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Can Frances Tiafoe end the drought and be the first American in a US Open final since 2006?

Frances Tiafoe was not among the favourites going into the US Open but after beating Rafael Nadal he is now one game away from a first Grand Slam final.

Tiafoe aiming to make history at US Open
Robert DeutschUSA TODAY Sports

Frances Tiafoe stands on the cusp of history at the US Open, but the task weighs lightly on the 24-year-old American. Tiafoe has always possessed the talent to go deep at a major, reaching the Australian Open quarters in 2019, but when he took on 22-times Grand Slam winner Rafael Nadal in a rematch of that encounter in the fourth round at Flushing Meadows something clicked. Nadal entered the tournament carrying an abdominal problem and rarely looked comfortable on court, his ever-adjusting serve failing to fire as he sought to protect his injury. But then Nadal is rarely 100% fit and yet few players are able to take advantage when the Spaniard’s armour shows even the slightest sign of rust. Tiafoe did just that, seeing off his opponent in four sets to reach the quarters and then beating ninth seed Andrey Rublev to make the semis, where he will face Carlos Alcaraz as he bids to become the first American male to reach the US Open final since Andy Roddick in 2006.

Tiafoe’s story is an unusual one in tennis. The son of Sierra Leonean immigrants, he first picked up a racket at the Junior Tennis Champions Center in College Park, Maryland, where his father was the on-site caretaker, hitting with his twin brother, Franklin. When he was 15, Tiafoe won the Orange Bowl and joined the ATP Tour as a professional a year later in 2015 at the Citi Open after a run to the junior US Open semis. But despite his athleticism and ball-striking ability, there would be no instant breakthrough for Tiafoe, who broke into the top 50 in 2018 and the top 30 in 2019. Consistency has always been an issue for Tiafoe, whose all-or-nothing style of play can work wonders when everything falls into place. He holds an 8-26 record against top-10 players and beat four top-10s last year but his career win-loss record stands at 123-137. His one ATP title came at Delray Beach in 2018, but as he told reporters after beating Nadal: “Watching Serena and Venus play finals of Grand Slams at that time, when I was super young. I was like, how cool would it be to play Wimbledon, to play on Arthur Ashe and stuff like that. I just had a big passion for the game. Not even mainly for me, but to do it for my parents.”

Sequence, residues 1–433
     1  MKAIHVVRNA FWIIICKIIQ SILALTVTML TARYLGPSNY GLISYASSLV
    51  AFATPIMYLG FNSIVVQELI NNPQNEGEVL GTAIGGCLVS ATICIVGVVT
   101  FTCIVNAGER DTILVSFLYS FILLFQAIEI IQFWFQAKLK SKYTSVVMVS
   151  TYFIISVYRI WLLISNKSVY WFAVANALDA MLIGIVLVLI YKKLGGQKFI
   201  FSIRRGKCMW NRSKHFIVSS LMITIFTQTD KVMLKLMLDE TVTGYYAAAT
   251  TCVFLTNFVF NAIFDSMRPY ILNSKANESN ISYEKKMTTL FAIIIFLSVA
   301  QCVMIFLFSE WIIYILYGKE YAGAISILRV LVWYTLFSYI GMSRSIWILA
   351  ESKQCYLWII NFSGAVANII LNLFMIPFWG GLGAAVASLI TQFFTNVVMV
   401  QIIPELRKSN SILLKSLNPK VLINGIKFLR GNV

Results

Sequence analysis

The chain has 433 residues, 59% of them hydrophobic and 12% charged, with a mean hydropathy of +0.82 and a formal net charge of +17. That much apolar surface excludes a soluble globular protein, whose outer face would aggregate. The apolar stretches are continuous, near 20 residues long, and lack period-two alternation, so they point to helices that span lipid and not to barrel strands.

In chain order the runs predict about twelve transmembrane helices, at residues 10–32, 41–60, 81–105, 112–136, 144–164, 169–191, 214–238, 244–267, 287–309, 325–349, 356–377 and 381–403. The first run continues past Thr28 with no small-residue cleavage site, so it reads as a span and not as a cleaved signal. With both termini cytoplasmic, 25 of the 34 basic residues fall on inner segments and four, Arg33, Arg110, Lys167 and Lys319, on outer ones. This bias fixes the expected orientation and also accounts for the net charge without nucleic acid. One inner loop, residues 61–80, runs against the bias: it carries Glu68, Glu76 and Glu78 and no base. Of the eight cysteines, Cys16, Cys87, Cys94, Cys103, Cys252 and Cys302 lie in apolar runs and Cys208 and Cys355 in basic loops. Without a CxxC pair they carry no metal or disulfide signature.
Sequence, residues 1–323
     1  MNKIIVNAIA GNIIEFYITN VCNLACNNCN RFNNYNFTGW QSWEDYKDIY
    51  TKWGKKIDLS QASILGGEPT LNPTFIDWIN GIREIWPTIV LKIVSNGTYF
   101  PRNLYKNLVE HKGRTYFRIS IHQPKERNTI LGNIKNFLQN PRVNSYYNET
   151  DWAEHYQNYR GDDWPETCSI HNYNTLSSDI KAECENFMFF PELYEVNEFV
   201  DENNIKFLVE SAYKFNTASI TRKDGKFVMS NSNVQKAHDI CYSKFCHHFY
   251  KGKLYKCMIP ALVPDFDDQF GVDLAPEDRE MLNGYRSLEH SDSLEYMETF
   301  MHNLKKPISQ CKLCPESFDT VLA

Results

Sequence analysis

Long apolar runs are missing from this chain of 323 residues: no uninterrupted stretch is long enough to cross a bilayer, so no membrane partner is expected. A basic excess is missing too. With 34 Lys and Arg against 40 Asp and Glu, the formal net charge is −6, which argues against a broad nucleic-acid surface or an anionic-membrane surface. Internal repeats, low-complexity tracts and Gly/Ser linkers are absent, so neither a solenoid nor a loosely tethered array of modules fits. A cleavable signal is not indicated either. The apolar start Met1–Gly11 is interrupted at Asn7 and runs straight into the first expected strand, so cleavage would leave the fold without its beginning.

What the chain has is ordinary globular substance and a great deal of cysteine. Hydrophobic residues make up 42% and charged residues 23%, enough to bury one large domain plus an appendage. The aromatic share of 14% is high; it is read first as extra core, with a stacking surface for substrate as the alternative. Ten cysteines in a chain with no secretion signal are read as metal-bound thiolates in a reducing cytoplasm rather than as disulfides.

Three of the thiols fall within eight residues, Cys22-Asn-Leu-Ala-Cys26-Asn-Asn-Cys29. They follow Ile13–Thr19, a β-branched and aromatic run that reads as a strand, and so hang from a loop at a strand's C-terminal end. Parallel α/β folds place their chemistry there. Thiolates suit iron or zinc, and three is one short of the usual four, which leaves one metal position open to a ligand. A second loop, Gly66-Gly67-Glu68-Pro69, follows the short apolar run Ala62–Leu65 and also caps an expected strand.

Tiafoe has nothing to lose against Alcaraz

Now, Tiafoe will take centre stage on Arthur Ashe in a maiden Grand Slam semifinal on Friday. On the other side of the net will be Carlos Alcaraz, the heir apparent to Nadal who is now the youngest slam semi-finalist since 2005, when Nadal embarked on his first title-winning run at Roland Garros. The 19-year-old third seed will be the favourite to reach the final but there are factors working to Tiafoe’s advantage. A hugely partisan crowd is assured, and Alcaraz was taken to the wire in an epic five-setter against Jannik Sinner lasting over five hours while the American beat Rublev in straight sets in half the time. Tiafoe’s unpredictability is matched by the Spaniard, whose shot-making skills are second to none, and the underdog tag will not do any harm against a player who is expected to win. There are also question marks over Alcaraz’s five-set credentials. Across three, has proven he can beat anyone – Nadal, Novak Djokovic and Alex Zverev were seen off en route to the title in Madrid – but he has yet to take the definitive step on the grandest stage despite a decent 17-7 record overall in the long format, losing to Zverev at Roland Garros and Sinner at Wimbledon this year.

In any case, Tiafoe will go into the game with his standard approach, that of everything to gain and nothing to lose. “Yeah, Slams, crazy things can happen,” he said after beating Nadal. “Especially here in New York. It’s going to be a fun ride.”


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